If they're not differently caused then they have the same cause. And if that's true, then in one case the TSH test is picking it up, and in the other it's not. So the test is not doing what it's supposed to.


Suppose diabetes was diagnosed by insulin levels instead of blood glucose. And there were two sets of patients, who had roughly the same symptoms, but one lot weren't treated because the insulin test showed that their problems weren't diabetes.

Would you not say that the insulin test was broken?

We should be looking for the 'blood glucose' for hypothyroidism. And as a very lot of people have been claiming since 1940, that's 'slow metabolism'.


I really hate arguing by analogy. But it seems people don't understand unless I do, and I'm now arguing to persuade. Not of the truth of the hypotheses, but of their plausibility.

The sciences I trained for would leap on this. Medical Science has left it uninvestigated (to say the least) since 1970. Whether I'm right or not, that's careless.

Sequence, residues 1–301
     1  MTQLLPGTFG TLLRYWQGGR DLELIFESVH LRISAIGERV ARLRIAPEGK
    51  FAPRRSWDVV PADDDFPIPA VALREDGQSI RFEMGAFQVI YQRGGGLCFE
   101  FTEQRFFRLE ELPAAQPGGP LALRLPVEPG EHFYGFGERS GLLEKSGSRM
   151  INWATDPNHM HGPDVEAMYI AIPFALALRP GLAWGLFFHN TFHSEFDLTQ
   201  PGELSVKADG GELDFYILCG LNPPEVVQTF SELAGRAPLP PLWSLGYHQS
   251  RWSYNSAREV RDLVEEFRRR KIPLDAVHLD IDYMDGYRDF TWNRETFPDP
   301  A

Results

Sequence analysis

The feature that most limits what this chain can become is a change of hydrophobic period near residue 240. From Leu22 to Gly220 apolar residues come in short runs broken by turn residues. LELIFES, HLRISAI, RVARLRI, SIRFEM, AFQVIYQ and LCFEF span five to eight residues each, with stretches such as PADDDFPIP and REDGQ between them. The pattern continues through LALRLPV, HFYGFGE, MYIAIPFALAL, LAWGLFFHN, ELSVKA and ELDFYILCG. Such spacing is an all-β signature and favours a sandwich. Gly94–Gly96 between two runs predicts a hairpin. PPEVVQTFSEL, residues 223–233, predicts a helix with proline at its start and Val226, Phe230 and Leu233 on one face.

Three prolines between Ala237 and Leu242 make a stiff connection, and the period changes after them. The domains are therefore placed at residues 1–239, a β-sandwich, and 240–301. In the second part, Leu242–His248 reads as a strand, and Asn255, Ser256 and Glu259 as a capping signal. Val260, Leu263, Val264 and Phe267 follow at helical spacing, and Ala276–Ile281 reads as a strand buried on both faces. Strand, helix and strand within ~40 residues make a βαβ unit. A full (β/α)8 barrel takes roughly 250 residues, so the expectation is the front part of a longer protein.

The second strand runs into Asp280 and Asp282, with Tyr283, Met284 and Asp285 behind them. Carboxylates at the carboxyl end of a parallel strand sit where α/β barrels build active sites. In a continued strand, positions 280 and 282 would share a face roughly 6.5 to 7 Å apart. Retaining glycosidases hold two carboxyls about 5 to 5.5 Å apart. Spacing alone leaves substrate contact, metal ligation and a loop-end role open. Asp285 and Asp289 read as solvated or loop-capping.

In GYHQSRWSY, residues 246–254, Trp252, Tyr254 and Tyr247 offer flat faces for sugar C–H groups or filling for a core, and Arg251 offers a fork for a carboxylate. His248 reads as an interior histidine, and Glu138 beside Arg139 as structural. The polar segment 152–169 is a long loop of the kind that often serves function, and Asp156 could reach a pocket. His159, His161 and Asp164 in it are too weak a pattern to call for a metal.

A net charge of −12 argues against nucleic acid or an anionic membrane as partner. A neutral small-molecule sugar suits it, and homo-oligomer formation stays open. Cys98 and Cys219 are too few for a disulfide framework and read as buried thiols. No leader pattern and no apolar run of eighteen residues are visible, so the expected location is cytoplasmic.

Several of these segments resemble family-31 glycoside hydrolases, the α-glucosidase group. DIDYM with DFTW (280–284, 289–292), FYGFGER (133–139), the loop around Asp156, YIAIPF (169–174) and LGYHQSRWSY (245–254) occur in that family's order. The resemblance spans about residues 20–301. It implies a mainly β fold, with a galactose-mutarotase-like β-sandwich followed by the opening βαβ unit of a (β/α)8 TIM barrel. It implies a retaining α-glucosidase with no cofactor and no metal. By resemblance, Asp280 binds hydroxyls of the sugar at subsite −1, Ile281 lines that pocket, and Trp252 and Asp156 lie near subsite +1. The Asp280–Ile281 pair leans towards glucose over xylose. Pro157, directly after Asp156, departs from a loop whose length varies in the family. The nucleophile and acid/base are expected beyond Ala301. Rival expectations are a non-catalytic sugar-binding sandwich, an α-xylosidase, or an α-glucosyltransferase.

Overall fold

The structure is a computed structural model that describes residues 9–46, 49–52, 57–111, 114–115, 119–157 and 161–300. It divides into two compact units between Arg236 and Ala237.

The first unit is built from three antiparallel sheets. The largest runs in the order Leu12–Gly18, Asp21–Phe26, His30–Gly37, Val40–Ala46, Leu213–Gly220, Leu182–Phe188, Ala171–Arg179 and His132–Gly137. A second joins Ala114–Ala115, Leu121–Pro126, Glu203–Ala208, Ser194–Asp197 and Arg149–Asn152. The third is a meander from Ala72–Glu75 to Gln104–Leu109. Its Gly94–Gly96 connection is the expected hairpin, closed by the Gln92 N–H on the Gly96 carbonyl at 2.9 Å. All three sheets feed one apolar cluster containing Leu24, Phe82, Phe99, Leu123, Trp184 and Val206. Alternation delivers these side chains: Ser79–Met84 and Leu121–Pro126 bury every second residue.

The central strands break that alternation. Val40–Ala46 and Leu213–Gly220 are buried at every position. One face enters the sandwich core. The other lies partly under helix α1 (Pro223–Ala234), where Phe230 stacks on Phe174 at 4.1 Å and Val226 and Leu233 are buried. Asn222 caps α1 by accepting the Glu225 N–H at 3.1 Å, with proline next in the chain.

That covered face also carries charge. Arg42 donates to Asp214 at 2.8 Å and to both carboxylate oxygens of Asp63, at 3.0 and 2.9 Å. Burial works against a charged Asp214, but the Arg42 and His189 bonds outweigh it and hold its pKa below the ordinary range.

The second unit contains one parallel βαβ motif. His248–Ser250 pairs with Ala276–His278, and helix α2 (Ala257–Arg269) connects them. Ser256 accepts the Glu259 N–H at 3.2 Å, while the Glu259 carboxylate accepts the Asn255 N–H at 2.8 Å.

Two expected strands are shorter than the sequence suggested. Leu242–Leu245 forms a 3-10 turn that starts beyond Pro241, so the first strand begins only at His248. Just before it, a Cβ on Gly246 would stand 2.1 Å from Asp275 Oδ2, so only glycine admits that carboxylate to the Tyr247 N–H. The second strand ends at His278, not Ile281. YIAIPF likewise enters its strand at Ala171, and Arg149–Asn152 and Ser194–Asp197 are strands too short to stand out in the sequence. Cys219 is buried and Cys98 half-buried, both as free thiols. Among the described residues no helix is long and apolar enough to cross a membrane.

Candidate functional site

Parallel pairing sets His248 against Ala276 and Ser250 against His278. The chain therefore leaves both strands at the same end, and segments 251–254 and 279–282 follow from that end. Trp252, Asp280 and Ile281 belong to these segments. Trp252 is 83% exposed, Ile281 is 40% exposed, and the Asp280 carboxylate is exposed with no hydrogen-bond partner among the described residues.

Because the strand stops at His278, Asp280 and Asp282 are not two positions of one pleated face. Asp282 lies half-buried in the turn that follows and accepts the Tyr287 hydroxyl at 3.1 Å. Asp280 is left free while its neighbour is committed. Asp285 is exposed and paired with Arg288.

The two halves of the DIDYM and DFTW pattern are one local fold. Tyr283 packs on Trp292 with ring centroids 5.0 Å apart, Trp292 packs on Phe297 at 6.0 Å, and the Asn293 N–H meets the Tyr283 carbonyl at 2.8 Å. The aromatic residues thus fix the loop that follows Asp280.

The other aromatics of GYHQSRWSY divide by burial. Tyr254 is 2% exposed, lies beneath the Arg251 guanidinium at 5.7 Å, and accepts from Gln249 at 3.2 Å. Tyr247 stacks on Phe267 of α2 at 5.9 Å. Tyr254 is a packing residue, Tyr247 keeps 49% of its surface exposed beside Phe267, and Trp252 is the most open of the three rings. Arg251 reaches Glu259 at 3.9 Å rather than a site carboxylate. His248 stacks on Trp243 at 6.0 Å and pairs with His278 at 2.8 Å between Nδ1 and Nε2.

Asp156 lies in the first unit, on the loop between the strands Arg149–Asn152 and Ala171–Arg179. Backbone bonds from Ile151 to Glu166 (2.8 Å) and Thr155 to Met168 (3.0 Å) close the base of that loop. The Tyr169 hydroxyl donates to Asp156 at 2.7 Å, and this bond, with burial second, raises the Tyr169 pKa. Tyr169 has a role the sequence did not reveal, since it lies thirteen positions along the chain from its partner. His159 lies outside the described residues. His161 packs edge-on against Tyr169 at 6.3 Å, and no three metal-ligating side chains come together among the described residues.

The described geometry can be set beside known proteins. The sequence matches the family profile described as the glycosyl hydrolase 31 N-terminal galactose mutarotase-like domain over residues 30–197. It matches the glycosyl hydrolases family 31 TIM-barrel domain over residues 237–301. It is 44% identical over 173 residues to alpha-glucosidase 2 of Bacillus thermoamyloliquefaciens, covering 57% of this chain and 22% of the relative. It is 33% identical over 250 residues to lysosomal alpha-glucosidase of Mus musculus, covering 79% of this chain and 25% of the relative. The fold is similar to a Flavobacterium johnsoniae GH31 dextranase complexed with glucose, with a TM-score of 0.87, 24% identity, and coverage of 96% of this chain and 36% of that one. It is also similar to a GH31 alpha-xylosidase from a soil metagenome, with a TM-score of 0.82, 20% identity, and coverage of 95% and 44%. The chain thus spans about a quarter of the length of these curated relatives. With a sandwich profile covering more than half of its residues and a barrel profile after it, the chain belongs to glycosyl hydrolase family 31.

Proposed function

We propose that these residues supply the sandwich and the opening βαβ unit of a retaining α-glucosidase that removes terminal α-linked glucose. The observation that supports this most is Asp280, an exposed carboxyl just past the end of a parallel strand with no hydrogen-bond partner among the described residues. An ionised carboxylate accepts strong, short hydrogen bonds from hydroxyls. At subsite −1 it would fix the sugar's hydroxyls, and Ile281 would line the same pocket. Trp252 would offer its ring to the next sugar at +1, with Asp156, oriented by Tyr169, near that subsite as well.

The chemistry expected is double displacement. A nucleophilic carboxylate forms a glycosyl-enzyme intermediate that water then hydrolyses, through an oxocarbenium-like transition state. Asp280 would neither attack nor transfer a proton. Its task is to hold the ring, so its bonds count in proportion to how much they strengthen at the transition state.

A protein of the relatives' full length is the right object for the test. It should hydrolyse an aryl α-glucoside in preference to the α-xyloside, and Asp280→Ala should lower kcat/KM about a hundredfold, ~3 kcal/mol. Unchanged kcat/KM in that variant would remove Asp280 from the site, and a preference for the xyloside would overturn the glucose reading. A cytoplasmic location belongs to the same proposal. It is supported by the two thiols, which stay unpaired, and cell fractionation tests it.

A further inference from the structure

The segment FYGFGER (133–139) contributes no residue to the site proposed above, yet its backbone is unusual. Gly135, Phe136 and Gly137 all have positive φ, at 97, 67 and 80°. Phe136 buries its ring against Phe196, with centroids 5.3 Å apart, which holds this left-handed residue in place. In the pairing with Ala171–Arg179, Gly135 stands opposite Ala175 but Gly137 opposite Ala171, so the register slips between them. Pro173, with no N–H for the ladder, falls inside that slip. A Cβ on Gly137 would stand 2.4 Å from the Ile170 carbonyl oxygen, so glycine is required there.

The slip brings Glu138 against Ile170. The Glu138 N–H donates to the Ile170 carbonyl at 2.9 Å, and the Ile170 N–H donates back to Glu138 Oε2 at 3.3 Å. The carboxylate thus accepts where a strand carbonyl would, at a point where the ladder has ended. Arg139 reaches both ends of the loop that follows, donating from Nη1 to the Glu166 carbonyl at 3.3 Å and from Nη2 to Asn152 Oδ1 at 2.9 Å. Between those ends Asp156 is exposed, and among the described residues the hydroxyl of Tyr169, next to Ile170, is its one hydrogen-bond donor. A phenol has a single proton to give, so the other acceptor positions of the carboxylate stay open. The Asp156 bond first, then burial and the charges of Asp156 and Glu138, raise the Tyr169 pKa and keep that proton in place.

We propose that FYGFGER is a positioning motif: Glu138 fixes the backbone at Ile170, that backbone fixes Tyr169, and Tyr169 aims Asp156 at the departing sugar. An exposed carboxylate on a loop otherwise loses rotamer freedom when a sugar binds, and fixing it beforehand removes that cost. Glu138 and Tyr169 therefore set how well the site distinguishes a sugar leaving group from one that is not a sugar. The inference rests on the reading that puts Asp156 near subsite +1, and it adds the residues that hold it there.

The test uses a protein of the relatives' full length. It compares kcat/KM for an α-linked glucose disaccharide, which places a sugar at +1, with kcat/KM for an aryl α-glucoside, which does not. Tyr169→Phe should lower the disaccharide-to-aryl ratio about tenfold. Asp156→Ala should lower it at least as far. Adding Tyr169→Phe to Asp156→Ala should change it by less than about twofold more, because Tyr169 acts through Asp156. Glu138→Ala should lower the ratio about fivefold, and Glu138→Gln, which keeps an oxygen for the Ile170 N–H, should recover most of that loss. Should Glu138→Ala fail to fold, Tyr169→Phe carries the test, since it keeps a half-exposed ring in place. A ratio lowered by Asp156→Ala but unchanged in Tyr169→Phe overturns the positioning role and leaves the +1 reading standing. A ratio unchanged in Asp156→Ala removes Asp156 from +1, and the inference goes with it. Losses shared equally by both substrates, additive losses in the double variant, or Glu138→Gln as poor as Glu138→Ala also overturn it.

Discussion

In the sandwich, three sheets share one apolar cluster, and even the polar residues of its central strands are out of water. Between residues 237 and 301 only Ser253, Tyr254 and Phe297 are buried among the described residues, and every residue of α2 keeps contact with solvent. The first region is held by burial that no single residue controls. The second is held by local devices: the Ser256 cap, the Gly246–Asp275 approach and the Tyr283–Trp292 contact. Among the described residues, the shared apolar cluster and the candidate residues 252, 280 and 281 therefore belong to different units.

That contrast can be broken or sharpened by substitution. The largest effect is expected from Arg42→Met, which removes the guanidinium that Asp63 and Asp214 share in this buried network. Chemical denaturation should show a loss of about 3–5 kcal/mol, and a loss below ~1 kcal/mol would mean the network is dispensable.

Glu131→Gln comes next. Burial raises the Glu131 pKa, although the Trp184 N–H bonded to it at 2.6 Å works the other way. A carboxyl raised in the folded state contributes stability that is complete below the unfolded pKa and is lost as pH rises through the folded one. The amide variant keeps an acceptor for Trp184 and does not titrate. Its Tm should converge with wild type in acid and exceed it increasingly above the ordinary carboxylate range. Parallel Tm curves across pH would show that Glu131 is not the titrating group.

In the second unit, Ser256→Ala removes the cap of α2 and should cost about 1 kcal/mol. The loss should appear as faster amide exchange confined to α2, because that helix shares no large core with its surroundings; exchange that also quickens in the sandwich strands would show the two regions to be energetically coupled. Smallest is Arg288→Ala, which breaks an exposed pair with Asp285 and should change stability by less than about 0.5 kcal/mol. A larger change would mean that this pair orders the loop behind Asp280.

And if I'm right.... Jesus Christ.

Comment author: pianoforte611 17 March 2016 02:20:04AM 1 point [-]

It seems I somewhat misunderstood your argument and misjudged you; I tentatively pegged you as a pig’s thyroid evangel feigning humility. I apologize. I also apologize because I am not the opponent you are looking for.

Since I apparently didn’t stress this enough, I will conclude by saying again that without interventional data, you have nothing. It doesn’t matter how beautiful your theory is, it doesn’t matter how smart you are, if it disagrees with experiment then its wrong. Repeating your hypothesis again and again, doesn’t help your case, it hurts your credibility. Unfortunately this is all I have to offer that I think is worth offering at this point.